Simulating Poor Network Conditions with Toxiproxy

Computer open running terminal


There are a number of forces driving the need to increase resiliency in the face of poor network conditions. Web pages are increasingly being replaced by long-running (single-page) web applications, where the web app might be able to continue to work through temporary network disruption or even work fully offline. Mobile apps often encounter this problem, as users move in and out of WiFi or cell service range, with both connectivity and the quality of connection varying over time.

Naturally, developers build apps in environments where network connectivity isn’t an issue — frequently the connections stay local to the development environment. That’s fine for being efficient while building out code, but it can also lead to a false confidence about the performance of the code in real-world situations.

Conversely, testing degraded networking conditions can help both to surface bugs (especially with regards to the app’s ability to recover to adverse events) as well as build awareness of how those poor network conditions can color the user experience.

How, then, do we simulate these poor conditions? Toxiproxy, an open source project developed by the Shopify team, helps solve this problem. It’s a high-performance, simple to configure proxy that has one primary mission: Simulate poor network conditions using what it calls “toxics”. It can simulate these conditions:

  • Latency (with optional jitter)
  • Complete service unavailability
  • Reduced bandwidth
  • Timeouts
  • Slow-to-close connections
  • Piecemeal information, with more optional delays

Toxiproxy provides both a cross-platform proxy server and cli, as well as support for integration testing. We’ll be focusing on the proxy server and cli in this post, but check out the project docs for some great examples of making Ruby integration tests more realistic.

For this post, we’ll look at how we can simulate degraded network conditions when trying to access the Hipster Ipsum API. However, most of the same techniques will apply whether you’re interfering with local services such as Redis or Postgres, or if you’re talking to external services such as Mailchimp or Stripe.

To follow along, first you’re going to need to install Toxiproxy. The instructions on Toxiproxy’s README are pretty straightforward, so this shouldn’t be a problem or take very long.

The general workflow to simulate a poor service connection with Toxiproxy is as follows:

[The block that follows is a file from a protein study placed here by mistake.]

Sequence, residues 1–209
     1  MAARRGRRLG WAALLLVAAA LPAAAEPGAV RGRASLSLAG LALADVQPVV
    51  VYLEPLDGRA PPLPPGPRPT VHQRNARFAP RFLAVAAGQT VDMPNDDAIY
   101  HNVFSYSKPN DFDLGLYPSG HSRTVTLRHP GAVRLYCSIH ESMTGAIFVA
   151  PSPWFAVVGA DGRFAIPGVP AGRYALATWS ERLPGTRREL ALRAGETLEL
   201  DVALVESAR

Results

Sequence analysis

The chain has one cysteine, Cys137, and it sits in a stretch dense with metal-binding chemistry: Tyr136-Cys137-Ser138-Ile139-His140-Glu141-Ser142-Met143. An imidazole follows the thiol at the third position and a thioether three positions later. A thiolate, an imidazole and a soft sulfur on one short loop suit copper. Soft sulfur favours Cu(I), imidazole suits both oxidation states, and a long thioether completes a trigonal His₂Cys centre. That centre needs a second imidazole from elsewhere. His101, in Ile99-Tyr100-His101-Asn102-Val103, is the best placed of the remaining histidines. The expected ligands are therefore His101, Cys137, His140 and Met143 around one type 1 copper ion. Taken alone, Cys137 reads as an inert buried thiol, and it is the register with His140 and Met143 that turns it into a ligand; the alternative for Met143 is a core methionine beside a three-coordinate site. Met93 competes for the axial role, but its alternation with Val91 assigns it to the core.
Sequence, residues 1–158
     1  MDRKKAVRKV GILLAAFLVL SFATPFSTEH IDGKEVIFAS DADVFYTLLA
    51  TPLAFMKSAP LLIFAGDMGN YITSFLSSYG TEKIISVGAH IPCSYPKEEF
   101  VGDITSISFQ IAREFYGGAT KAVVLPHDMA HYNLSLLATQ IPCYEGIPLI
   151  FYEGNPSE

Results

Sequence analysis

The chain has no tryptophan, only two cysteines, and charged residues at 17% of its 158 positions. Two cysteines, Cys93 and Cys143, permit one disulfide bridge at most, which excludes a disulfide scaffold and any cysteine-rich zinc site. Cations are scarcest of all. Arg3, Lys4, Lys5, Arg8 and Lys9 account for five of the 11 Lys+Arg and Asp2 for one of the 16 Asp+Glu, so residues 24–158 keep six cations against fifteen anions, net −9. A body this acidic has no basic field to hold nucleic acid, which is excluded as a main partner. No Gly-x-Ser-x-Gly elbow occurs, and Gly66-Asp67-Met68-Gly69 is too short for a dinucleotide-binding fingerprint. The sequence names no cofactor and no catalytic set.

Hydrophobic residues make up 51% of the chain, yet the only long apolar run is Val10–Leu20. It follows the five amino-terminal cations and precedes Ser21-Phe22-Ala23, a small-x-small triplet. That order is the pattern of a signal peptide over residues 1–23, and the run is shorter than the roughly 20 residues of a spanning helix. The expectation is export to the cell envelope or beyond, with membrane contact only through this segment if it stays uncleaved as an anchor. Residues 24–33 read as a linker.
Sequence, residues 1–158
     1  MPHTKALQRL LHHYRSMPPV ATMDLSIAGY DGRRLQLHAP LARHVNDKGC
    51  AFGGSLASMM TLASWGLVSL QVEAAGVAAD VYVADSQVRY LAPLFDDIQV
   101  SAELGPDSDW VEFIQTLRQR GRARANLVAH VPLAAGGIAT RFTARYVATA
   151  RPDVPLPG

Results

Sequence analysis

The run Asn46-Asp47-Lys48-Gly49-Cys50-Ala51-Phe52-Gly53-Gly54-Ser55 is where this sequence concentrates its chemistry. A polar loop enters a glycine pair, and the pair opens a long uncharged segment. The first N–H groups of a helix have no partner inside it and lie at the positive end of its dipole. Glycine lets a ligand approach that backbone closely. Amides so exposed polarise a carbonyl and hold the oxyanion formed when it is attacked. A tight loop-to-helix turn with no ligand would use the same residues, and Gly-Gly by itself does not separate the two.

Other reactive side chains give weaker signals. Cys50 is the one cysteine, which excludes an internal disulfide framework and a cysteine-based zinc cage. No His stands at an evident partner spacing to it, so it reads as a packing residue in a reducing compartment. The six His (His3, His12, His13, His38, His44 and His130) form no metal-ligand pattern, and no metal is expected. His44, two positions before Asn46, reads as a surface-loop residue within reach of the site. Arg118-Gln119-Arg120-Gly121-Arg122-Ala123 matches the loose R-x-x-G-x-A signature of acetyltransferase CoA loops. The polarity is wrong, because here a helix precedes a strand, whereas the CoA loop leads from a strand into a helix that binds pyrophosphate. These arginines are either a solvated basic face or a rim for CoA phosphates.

1. Start up the toxiproxy server
  2. Create a new proxy
  3. Add toxics to the proxy

To start up a new server, use the toxiproxy-server command. It’s straightforward enough – the server will start. Note the server doesn’t run as a background daemon, so you’ll likely want to dedicate a terminal window to the process. Also, the server holds all of the configurations in memory and will lose them after a restart of the server process.

Most of the interactions with Toxiproxy will be through the toxiproxy-cli command. The command to create a new proxy takes this general shape:

toxiproxy-cli create <proxy_name> -l <local address and port> -u <upstream address and port>

To connect to Hipster Ipsum’s API, we can use this command:

toxiproxy-cli create hipsum -l -u

All requests to localhost:8080 will now be forwarded on to the hipster ipsum API.

We can see that the proxy is installed when looking over the results of toxiproxy-cli list:

Listen Upstream	Name	Enabled	Toxics ====================================================================	hipsum	true	None

That’s really all that’s needed to create our proxy. We can test it out with cURL like so:

curl -v --header 'Host:'

Note, we have to pass along a custom HTTP header field to get the request properly routed through Hipster Ipsum’s infrastructure. This is a pretty common requirement, so if you run into problems with proxied services returning 404 errors, try adding a header Host value containing the domain name of the remote server you’re trying to reach.

That cURL command returned quickly — maybe not what you’re expecting. It returned quickly because at this point all we’ve configured is the proxy itself, but none of the toxics that mimic degraded network performance. We can add a downstream latency toxic to our proxy with this command:

toxiproxy-cli toxic add hipsum -t latency -a latency=5000

That toxic configuration adds a five second wait to any returning result. Run the cURL command again and you’ll immediately notice the delay.

We can investigate which toxics are installed on a given proxy using the toxiproxy-cli inspect <proxy_name> command. It’ll return something such as this:

Name: hipsum	Listen:	Upstream: toxics:Proxy has no Upstream toxics enabled.Downstream toxics:latency_downstream: type=latency stream=downstream toxicity=1.00 attributes=[ jitter=0 latency=5000 ]

Finally, if you want to simulate a completely unavailable service, you can disable the proxy with toxiproxy-cli toggle <proxy_name>. Once you do that, any requests will immediately fail, like this cURL request does:

$ curl -v --header 'Host:'*   Trying* connect to port 8080 failed: Connection refused* Failed to connect to port 8080: Connection refused* Closing connection 0curl: (7) Failed to connect to port 8080: Connection refused

There’s a whole lot more to explore, including other available Toxics, writing your own custom toxic, and using Toxiproxy in unit tests. Hopefully this has given you enough of a taste to see how easy and valuable it can be to test your service dependencies under suboptimal network conditions.